Monday, January 01, 2007

The Top 10 Talkers of 2006

As 2006 comes to a close, and we welcome 2007, LTR takes a look at the year in review as the new year approaches. And what better way to do this than publish a bunch of lists?

This one is the biggie. Here, we rank the Top 10 Talkers of 2006. Our list utilizes a criteria based on overall success, number of affiliates, growth of the show, contributions to the format, entertainment value, knowledge of current events and crossover potential. Granted, some factors will outweigh others, and those will be weighted. Political lean of the hosts will not be as much a factor, since everyone seems to have such radically different opinions on the topics of the day.

Sure, the list will prove to be somewhat controversial, and some of you will likely consider calling the DEA on me, but this list is subjective, and merely opinion. To help out, we asked you, the faithful readers, to send in your own lists. Granted, we didn't get a ton of submissions, but the results of this first-ever poll conclude this list of the Top 10 Talkers of 2006. And in the tradition of Casey Kasem, we're gonna count 'em down to #1. So... away we go!

10. Rachel Maddow

Maddow has come a long way in a few short years. With no prior radio experience, the Rhodes scholar and San Francisco native got her first radio job at WRNX in Springfield, MA via a station contest to find new on-air talent. She later moved on to the morning show at WRSI in Northampton and left to become a co-host on Air America's "Unfiltered". She was the least known of her co-hosts, but eventually overshadowed them, so much that when the show was cancelled, Air America gave her a morning show of her own. The show moved to early evenings in September, 2006 and surprisingly, her devoted following allowed her to pick up quite a few affiliates. As 2007 arrives, the future does indeed look bright for Rachel Maddow.

9. Amy Goodman

As I've said many times, liberal talk radio is much more than Air America and Ed Schultz. Case in point is Pacifica Radio, a non-commercial network that recently celebrated its 60th birthday. It's best known show is a hard-hitting news program called "Democracy Now", primarily hosted by Goodman. The show, which reports primarily on news stories seldom reported by the mainstream media and how they really affect people, is called "probably the most significant progressive news institution that has come around in some time" by media critic Bob McChesney. The daily program, which airs on hundreds of non-commercial and commercial stations as well as public access and satellite TV, covers issues relating to war and peace, human rights, and U.S. foreign and domestic policy. Many non-commercial radio programs are well known for their in-depth reporting style, but Goodman and "Democracy Now" take it to a whole new level.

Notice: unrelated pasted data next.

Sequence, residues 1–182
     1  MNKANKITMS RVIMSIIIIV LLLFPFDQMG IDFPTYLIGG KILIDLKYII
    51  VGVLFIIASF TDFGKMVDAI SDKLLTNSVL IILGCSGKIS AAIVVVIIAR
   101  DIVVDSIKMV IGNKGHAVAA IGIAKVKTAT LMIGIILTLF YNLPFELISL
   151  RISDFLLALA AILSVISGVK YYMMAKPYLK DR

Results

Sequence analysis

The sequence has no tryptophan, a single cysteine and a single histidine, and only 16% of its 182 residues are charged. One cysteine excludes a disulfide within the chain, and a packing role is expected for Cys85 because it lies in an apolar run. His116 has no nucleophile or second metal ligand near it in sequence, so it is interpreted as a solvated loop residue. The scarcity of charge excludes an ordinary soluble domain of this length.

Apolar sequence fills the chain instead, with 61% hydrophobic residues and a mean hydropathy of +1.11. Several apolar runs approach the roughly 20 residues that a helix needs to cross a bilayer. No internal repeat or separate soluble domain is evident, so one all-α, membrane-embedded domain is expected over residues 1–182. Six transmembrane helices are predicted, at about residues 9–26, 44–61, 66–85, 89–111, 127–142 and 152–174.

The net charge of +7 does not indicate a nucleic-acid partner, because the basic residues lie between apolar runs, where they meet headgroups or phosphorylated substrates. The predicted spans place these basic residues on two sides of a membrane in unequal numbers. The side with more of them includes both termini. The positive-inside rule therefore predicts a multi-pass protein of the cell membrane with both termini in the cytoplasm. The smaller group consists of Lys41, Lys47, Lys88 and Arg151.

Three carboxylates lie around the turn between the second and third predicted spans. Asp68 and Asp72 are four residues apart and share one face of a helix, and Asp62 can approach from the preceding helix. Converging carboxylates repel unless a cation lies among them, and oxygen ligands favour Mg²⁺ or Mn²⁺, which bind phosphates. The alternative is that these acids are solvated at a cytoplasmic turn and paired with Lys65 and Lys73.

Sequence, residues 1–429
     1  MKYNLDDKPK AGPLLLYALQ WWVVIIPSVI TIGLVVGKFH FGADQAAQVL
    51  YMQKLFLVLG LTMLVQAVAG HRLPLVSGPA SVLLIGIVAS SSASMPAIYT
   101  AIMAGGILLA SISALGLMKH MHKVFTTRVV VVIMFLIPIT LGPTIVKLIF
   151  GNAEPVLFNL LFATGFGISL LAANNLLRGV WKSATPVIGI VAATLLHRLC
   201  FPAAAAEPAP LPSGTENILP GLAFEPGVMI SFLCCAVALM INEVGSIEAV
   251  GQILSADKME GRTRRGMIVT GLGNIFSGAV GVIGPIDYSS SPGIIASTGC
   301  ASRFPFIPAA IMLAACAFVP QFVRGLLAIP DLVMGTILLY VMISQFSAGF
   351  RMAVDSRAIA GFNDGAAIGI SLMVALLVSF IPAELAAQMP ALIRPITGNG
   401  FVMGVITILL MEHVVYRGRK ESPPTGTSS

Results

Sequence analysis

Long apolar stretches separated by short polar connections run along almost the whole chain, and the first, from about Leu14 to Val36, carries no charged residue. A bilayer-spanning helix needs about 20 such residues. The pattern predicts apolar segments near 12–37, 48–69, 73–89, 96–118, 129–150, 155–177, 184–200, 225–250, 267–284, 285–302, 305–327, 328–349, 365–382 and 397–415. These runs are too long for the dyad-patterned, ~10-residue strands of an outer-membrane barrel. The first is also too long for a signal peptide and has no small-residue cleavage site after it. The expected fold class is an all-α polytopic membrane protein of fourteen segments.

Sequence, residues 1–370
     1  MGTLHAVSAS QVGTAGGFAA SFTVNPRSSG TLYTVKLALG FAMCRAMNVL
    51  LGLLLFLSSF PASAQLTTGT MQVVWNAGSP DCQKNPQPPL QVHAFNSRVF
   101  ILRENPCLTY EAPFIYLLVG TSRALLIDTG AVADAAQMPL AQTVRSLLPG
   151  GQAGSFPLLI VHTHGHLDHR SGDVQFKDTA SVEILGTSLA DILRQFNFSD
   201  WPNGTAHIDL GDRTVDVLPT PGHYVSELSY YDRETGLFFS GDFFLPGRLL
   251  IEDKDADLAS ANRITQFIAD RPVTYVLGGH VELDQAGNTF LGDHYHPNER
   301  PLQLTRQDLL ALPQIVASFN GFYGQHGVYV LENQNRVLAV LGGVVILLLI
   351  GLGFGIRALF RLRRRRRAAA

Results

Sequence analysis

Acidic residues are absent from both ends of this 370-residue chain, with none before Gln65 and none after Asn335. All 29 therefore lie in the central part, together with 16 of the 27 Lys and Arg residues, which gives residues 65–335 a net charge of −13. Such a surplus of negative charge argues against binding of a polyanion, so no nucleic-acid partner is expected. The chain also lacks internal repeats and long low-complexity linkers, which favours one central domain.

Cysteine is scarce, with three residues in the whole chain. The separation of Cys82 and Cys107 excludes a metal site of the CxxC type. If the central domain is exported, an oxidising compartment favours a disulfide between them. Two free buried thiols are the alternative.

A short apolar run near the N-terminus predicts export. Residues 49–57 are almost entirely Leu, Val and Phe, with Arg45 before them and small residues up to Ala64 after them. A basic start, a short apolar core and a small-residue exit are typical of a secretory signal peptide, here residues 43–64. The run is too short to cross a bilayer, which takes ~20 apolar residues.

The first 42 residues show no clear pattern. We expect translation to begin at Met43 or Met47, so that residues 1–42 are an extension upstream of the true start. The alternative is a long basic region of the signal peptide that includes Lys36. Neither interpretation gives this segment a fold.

8. Mike Malloy

He was fired from his syndicated gig in August. His current upstart 'network' just finally got satellite access. He currently only has five affiliates. And his hard-hitting, controversial show has often proved to be a tough sell to potential advertisers. So what is Mike Malloy doing on this list? Some may ask why he's ranked so low.

The reason is that I certainly can't think of any other talk show host who has become as much as a force as he has via the internet. His current show debuted on just two stations in October, low-powered flagship station KPHX in Phoenix and the much larger KQKE in San Francisco (which at first received the show via land-lines). Since then, he's added three more affiliates and Sirius Satellite Radio. Even with the lack of radio signals, thousands of listeners tune in via webstreams to wind down their day with the outrageously outspoken Malloy, who often makes reference to the "flying monkey right" and the "Bush crime family". If liberal talk has not yet taken hold on the terrestrial airwaves, it certainly has via international webstreaming. And one of the reasons for that is Mike Malloy. Many also listen to him via full podcasts through White Rose Society.